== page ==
Jeffrey Kluger is frustrated by Lucy, a film premised on the widely believed misconception that we only use 10 percent of our brains:
The fact is, the brain is overworked as it is, 3 lbs. (1,400 gm) of tissue stuffed into a skull that can barely hold it all. There’s a reason the human brain is as wrinkled as it is and that’s because the more it grew as we developed, the more it bumped up against the limits of the cranium; the only way to increase the surface area of the neocortex sufficiently to handle the advanced data crunching we do was to add convolutions. Open up the cerebral cortex and smooth it out and it would measure 2.5 sq. ft. (2,500 sq cm). Wrinkles are a clumsy solution to a problem that never would have presented itself in the first place if 90% of our disk space were going to waste.
What’s more, our bodies simply couldn’t afford to maintain so much idle neuronal tissue since the brain is an exceedingly expensive organ to own and operate—at least in terms of energy needs…. “We were a nutritionally marginal species early on,” the late William Greenough, a psychologist and brain development expert at the University of Illinois, told me for my 2007 book Simplexity. “A synapse is a very costly thing to support.”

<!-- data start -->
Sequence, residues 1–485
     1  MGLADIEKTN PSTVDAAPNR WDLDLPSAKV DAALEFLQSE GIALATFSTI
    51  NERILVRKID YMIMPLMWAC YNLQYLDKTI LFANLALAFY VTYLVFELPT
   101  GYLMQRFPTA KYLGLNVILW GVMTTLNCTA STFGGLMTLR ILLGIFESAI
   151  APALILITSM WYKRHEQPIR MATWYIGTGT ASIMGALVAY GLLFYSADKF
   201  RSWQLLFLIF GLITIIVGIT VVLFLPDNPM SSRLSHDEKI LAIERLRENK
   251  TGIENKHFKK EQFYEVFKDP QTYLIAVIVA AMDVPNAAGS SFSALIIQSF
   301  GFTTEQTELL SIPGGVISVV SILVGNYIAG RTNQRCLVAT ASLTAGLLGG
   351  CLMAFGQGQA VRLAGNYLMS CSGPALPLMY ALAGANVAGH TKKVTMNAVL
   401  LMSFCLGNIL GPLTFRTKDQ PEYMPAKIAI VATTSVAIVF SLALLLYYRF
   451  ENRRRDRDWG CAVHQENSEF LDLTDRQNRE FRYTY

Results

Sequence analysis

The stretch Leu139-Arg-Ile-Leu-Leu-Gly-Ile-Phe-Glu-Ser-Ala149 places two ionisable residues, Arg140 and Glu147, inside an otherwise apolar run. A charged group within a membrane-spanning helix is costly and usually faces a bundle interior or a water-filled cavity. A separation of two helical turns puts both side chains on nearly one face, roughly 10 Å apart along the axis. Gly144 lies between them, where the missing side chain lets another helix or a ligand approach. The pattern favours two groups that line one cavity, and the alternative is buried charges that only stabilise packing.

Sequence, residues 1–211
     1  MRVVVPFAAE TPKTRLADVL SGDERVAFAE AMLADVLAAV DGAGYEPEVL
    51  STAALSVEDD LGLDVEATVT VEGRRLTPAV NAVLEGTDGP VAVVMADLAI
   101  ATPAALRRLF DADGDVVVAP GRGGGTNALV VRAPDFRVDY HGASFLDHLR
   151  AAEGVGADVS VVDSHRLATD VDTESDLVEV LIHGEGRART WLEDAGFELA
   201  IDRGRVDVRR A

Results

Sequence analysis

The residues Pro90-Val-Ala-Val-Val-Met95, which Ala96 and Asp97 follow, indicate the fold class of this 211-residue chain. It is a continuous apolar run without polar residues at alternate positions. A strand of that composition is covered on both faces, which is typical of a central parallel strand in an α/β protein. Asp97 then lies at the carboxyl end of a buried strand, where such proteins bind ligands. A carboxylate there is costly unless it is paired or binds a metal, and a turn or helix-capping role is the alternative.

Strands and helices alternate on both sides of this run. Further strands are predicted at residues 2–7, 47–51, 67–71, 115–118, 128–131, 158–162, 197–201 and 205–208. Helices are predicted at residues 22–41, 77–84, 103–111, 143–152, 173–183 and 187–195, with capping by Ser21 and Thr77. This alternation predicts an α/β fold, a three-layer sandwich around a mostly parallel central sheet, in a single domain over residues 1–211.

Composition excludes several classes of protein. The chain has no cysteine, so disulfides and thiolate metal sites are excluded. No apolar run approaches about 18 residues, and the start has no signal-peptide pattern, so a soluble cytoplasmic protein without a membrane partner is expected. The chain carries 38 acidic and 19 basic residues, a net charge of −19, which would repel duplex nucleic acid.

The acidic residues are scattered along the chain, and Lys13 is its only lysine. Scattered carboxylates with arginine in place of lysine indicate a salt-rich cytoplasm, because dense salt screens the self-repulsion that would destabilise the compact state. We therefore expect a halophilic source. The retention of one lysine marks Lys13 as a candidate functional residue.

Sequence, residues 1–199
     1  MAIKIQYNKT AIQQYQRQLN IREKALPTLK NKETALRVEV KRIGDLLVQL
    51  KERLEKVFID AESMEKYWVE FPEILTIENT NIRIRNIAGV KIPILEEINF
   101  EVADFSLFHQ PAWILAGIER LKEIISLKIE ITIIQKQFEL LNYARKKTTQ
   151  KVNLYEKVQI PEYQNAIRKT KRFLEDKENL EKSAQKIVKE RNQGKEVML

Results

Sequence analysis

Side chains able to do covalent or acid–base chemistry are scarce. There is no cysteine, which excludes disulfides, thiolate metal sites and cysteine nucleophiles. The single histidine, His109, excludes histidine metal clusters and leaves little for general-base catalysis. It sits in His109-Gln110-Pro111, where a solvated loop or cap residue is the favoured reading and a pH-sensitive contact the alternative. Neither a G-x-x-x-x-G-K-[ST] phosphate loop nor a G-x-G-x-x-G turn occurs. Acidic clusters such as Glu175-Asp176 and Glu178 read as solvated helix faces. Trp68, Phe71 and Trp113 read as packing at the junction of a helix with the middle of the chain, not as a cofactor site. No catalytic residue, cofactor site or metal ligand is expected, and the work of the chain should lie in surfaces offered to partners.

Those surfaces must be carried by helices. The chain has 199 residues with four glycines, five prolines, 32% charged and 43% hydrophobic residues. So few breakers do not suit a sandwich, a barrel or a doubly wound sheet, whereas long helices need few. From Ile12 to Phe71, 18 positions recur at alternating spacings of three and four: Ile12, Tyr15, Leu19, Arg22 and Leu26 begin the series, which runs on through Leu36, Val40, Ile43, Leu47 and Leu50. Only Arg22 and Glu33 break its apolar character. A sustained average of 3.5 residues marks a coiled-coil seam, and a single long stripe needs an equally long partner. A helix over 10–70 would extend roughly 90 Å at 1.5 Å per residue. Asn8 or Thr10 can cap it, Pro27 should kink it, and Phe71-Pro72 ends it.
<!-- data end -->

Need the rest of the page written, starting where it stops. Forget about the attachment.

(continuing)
So why does the myth persist? A theory from neuroscientist David Eagleman:
Ian Svenonius calls out the new minimalist aesthetic of places like the Apple stores as a new form of snobbery:
The anti-stuff crowd invokes Buddhism and Communism-lite in their put-down of possessions and the people who “hoard” them. It’s supposed to be a sign of superstition, a hang-up, a social disease, greedy, sick. People who have things are derided as “fetishists.” Why would one have a record collection when all information is available online to be had by the technologically savvy? … Why should there be record stores, shopping areas, kiosks, video stores, movie houses, bookstores, libraries, schools, theaters, opera houses, parks, government buildings, meeting houses, et al? Public spaces, markets, and interacting with one’s surroundings are primeval, germy and dangerous. After all, it can all be done online.